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During the 2019 election cycle, a staggering 77 of the 174 legislative candidates ran for office unopposed.
Perhaps, many of those unopposed candidates did not draw opposition because they were so well thought of in their communities. But perhaps some did not have opposition because there was no one else in their districts interested in being a legislator.
Granted, there are some good perks that go along with being a legislator, including lobbyists willing to provide expensive food and beverage, a sweetheart of an enhanced retirement system in addition to the normal state plan, and oh yeah, the ability to help set public policy for the state.
But serving in the Legislature can be an inconvenience. Most legislators have other jobs, ranging from attorney to farmer to business owner, that they must perform while being away from home during the week for at least three consecutive months every year in addition to being away for other sporadic days during the year.
It might be difficult for a small business owner, in say New Albany in northeast Mississippi, or Bay St. Louis on the Gulf Coast to run their business from Jackson.
That inconvenience has to be one of the reasons for the relatively limited number of legislative candidates. In a sense the retired public employees, currently about 100,000 former educators, state employees and local government workers, make ideal candidates for legislative seats. They often have knowledge of state issues because of their past jobs and have the time and means to serve.
But the House leadership is making it difficult for this ready made group of candidates to run. House Speaker Philip Gunn, R-Clinton, maintains those public employees must forego their pension while serving in the Legislature.
In a nutshell for decades the Public Employees Retirement System Board had a regulation, based on an interpretation of state law, saying retirees could not draw their pension while serving in the Legislature.
In late 2018, in an official opinion the AG’s office gave another interpretation of state law saying public retirees could serve in the Legislature and draw a portion of their legislative pay and their full pension.
Based on that AG’s ruling, PERS changed its regulation.
But the House under Gunn’s leadership is refusing to reduce the legislative pay of four public employee retirees elected this past November. If their legislative pay is not reduced, they lose their pension. The four members’ pensions are most likely significantly more than their legislative pay of $10,000 in session and $1,500 per month out of session. It should be pointed out that these four legislators, like all public employees, contributed a portion (currently 9 percent) of their public sector salary toward their pension.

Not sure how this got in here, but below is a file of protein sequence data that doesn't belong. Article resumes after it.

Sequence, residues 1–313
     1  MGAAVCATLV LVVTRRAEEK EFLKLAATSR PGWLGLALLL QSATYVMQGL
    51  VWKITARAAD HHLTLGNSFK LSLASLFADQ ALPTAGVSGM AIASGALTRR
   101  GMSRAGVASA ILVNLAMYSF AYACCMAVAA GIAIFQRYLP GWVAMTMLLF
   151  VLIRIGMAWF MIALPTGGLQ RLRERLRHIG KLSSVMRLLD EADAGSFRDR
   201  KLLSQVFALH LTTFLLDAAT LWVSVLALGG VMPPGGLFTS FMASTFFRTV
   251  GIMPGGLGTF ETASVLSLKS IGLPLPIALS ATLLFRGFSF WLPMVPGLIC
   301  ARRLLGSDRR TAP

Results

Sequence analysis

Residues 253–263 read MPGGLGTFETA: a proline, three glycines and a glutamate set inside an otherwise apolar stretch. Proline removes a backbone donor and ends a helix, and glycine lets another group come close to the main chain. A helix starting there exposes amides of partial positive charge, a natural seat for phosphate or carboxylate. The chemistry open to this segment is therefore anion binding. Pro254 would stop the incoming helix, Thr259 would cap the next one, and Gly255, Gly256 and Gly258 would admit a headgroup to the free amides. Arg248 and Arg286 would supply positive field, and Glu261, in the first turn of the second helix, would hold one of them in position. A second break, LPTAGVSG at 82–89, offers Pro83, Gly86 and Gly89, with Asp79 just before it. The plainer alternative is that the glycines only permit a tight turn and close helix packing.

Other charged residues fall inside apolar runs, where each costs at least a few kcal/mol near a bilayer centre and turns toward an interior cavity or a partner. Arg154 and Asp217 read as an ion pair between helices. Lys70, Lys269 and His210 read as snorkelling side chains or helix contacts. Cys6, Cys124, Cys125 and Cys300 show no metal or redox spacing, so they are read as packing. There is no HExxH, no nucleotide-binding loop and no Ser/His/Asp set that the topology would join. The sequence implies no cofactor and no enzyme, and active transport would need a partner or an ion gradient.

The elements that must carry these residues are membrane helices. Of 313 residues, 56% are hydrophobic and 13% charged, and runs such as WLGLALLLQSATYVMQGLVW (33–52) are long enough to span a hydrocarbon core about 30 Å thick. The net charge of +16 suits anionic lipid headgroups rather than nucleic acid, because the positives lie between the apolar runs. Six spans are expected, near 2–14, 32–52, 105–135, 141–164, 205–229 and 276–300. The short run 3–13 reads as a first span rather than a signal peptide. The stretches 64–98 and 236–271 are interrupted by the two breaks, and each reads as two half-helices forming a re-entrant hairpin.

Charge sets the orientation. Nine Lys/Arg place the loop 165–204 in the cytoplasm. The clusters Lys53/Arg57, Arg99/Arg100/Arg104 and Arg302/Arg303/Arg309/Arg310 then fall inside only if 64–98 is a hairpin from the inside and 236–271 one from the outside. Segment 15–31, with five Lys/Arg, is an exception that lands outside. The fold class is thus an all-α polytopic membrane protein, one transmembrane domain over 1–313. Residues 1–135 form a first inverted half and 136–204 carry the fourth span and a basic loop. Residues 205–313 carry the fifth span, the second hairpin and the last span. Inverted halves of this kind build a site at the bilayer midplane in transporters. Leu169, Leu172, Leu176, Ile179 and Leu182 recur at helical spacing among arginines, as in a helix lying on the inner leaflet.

One of those four retired public employees elected to the House – former Jones County Tax assessor/collector Ramona Blackledge – already has resigned, saying she could not afford to lose her pension.
She said her House service was actually saving the state money since, in her particular case, to be eligible to receive her pension under the formula established by the PERS Board, she could not receive per diem for her food and lodging while in session and she could not receive the $1,500 per month out of session salary. She also could not participate in the Supplemental Legislative Retirement Plan, called SLRP (insert own joke here.)
“I am fine with this,” she said of the limited legislative salary. “This is a part-time position.”
Blackledge points out that retirees from the private sector can serve in the Legislature and draw their pension.
But Gunn claims it is “double dipping” for a public employee retiree to draw pension and a legislative salary.
Other public employees routinely draw their pension and work in other government jobs. Retired teachers, for instance, can work part-time in a public school or for any other aspect of state and local government while drawing a pension and often do.
State law does not say specifically that retired public employees cannot serve in the Legislature and draw their pension. There is an interpretation of the law espoused by Gunn and others that would support that claim. But the AG reached a different conclusion.
Gunn argues that another section of state law says legislators “shall” receive full pay so their salary cannot be decreased, though, legislators neglect the word shall when it is to their benefit, such as the Mississippi Adequate Education Program “shall” be fully funded. It never is.
PERS changed its regulation based on that AG’s ruling, and on the assumption that the Internal Revenue Service grants final approval of the change. And indeed, if the IRS does grant approval as expected, no one is being hurt by the ruling except perhaps legislators who could face a retired public employee in the next election.